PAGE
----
Metalstorm: The Destruction of Jared-Syn (1983)

I quite liked this one.

There, I said it.

It isn’t a great film.  It isn’t even a particularly good one.  Heck, it’s more like one of those Italian post-Apocalyptic films than anything else, even if it was made in Bronson Canyon, not too far from Hollywood.  But it makes up for all the familiarity and its various weaknesses by being, well, likable.  Maybe even fun.

Which is as much as we can ask of a low-budget SF film, really.

One of the frequent “contributors” to this site, Charles Band directed this one.  Not, as you might think, under the banner of his Empire Films company (or his later Full Moon Features), although he would launch Empire just a few films later (and one of his first Empire films, Ragewar [The Dungeonmaster], would actually reuse both the post-Apocalyptic buggies and Richard Moll).  Band came up with the ideas for the majority of the films he has produced over the years, which may explain why so many of them are so totally strange.  As you may imagine, this is one of the reasons I’ve seen so many of the films released by Band, from whichever company.

It’s also worth noting that this film — and Band’s earlier film, Parasite (the one that gave away barf bags in the theater!) — were in 3-D.  There was a brief 3-D craze at the time which lead to such immortal films as Spacehunter: Adventures in the Forbidden Zone, Jaws 3-D, and Friday the 13th Part III.  Unlike the process used today, it left two fuzzy strips on either side of the screen where there was only a single image.  This was mildly annoying for the parts of these films where routine things were happening that didn’t require three dimensions, and yet those Eighties films didn’t often have a lot of more demanding uses of 3-D, like things jumping out of the screen at the audience.

This is actually rather strange when you remember that you could generally recognize the 3-D films of the Fifties when you saw them on TV in standard format because of  all the things flying at you (like the spears in The Creature from the Black Lagoon), and yet I can’t say I noted anything of that sort here.

I suppose it was just too expensive.  Although that does leave you asking the whole point of filming in Stereo when those moments are precisely what brings people to the theater to see 3-D films.

As far as I can remember, I didn’t see any obvious sequences where things were supposed to come out of the screen at you in this one.  But it might have been more obvious in 3-D.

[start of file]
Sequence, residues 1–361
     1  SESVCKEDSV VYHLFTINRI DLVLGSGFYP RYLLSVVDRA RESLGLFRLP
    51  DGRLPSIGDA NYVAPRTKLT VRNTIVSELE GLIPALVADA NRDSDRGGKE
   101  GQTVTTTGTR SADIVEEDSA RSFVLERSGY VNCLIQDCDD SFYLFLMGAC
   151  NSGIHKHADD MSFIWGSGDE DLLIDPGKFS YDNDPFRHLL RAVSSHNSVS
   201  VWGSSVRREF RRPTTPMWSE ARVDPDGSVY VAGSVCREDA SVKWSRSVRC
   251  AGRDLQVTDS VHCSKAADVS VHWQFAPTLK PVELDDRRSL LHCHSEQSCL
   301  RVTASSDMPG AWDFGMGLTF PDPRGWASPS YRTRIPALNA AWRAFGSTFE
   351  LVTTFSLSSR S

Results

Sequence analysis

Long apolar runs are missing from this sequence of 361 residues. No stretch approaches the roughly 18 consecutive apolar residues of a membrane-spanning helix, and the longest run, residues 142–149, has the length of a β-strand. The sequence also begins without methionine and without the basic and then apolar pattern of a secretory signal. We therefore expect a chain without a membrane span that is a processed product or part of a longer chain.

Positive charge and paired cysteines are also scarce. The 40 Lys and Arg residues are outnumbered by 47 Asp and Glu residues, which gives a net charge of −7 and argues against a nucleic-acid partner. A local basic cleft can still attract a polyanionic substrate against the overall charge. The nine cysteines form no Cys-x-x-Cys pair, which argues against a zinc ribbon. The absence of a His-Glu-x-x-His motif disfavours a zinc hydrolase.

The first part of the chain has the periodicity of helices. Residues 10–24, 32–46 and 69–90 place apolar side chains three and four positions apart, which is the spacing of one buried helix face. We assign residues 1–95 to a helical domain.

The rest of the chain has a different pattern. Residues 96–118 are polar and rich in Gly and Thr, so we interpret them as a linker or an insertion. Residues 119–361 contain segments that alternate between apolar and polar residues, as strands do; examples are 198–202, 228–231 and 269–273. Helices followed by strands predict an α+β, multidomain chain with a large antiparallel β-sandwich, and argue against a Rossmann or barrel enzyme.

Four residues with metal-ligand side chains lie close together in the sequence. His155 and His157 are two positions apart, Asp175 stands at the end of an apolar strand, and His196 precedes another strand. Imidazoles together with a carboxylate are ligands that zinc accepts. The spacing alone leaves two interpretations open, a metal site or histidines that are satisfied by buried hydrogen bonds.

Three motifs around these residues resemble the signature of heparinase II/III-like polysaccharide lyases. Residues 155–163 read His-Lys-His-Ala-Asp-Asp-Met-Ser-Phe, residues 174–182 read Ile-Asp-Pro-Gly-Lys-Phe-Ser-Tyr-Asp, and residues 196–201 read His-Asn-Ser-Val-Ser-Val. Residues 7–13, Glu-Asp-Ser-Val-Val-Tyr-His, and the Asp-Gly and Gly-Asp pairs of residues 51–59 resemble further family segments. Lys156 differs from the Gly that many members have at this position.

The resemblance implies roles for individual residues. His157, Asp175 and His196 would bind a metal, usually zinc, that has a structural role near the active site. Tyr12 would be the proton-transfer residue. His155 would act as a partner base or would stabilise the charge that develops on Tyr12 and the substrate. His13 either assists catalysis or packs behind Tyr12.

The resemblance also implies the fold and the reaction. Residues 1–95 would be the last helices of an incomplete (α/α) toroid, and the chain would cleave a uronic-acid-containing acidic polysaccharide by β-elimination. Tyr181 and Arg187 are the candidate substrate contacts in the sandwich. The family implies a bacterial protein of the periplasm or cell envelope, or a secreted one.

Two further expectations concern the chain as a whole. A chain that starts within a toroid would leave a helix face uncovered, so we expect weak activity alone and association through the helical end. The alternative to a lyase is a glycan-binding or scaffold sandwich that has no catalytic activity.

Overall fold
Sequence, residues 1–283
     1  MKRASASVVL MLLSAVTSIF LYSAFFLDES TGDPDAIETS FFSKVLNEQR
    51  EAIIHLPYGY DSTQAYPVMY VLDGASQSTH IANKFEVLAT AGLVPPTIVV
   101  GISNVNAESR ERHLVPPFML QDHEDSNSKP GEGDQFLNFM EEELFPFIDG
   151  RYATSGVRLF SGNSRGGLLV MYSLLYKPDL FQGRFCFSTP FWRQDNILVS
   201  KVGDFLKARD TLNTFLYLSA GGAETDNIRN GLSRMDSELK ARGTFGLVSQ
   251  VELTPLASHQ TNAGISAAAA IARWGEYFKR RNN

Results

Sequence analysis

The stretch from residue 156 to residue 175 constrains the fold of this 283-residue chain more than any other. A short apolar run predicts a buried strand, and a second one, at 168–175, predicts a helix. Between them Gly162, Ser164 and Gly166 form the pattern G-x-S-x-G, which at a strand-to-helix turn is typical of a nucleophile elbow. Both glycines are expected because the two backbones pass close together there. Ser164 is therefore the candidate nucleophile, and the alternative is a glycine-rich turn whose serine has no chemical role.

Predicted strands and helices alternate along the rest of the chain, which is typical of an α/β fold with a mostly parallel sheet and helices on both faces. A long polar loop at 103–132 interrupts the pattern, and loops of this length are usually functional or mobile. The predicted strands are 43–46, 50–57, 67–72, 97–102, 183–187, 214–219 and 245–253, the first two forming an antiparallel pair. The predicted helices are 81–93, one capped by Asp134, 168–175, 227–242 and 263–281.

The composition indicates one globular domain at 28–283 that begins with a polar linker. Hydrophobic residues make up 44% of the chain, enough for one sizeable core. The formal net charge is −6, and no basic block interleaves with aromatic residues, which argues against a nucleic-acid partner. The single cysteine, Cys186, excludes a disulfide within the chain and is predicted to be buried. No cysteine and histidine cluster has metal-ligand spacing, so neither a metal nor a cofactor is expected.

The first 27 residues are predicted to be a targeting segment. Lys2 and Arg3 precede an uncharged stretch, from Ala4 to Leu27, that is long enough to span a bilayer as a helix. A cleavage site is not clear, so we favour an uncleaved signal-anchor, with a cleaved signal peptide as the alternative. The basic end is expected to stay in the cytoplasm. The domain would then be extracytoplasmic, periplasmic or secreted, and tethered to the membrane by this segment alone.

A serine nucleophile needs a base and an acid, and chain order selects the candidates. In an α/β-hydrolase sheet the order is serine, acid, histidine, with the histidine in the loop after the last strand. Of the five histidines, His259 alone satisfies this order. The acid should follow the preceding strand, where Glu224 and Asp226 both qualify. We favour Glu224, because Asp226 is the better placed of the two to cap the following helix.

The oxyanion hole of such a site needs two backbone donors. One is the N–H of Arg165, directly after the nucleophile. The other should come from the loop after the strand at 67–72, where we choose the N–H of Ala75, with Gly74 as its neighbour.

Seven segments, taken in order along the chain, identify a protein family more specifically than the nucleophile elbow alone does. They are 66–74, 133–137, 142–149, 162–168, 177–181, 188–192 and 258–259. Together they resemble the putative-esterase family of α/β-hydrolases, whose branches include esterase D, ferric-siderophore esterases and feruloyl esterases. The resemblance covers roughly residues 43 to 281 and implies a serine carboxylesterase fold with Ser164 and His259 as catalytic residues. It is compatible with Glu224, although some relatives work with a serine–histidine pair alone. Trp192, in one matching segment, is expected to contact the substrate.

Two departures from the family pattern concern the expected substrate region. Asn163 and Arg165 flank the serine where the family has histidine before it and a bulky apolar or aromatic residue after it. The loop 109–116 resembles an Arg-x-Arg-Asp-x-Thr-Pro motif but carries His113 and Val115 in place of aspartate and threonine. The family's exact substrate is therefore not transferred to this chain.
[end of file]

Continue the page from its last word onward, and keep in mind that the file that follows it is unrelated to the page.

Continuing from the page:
This one has been described as Mad Max meets Star Wars, and that’s not a bad summary:  we have a hero who has some sort of law enforcement job, running around in a black leather cop suit and a tricked-out dune buggy; lots of car chases and stunts.  On the other hand, we have strange races inhabiting this world, mystical visions, a superpowered crystal weapon and an over-the-top sinister villain played by Mike Preston who may best be remembered for his part in The Road Warrior (aka Mad Max 2).

Curiously, a French blurb for this film — which I suspect may have been copied from the back cover of a French VHS release — claims that this is all happening on the planet “Lemuria.”  I’m reasonably certain that no such planet was ever mentioned and that no one ever offers an explanation of where this is taking place.  I’d assumed from a few odd references and the general look of the film that is was post-Apocalyptic, but I’m not sure Charles ever commits himself.  In a way, I suppose it doesn’t really matter.  It’s just this place, and that’s what it is like.

There is no shortage of goofiness here if you go looking for it (like the interior of the hero’s car, which is loaded with lots of unmarked buttons and levers, and has what looks like a hubcap attached to the wall behind his head! or why would someone try to fly a hover bike wearing a helmet that covered one of his eyes?).  However, the end result is amiable nonsense, with Richard Moll as the barbarian who becomes the hero’s friend after he’s beaten in ritual combat, the usual love interest, flying bikes (yes, they are used sparingly, but it is one thing that you just won’t find in the Italian Mad Max rip-offs!) and a suitably sinister villain with mental powers.

Certainly it is better than most of the Italian Mad Max copies it resembles (I wonder whether it might have inspired some of those films, rather than the other way around\), and it would be an excellent choice for a midnight viewing, particularly if the popcorn is plentiful.

But I will warn you that the title is just a tad bit deceptive:

After all, we all know that the villains usually live to fight another day.

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